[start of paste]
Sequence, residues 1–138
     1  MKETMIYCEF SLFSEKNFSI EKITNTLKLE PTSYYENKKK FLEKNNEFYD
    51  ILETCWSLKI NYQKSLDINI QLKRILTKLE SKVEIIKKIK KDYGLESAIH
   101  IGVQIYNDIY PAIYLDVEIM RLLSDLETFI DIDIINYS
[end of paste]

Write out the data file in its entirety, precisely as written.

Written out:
Sequence, residues 1–138
     1  MKETMIYCEF SLFSEKNFSI EKITNTLKLE PTSYYENKKK FLEKNNEFYD
    51  ILETCWSLKI NYQKSLDINI QLKRILTKLE SKVEIIKKIK KDYGLESAIH
   101  IGVQIYNDIY PAIYLDVEIM RLLSDLETFI DIDIINYS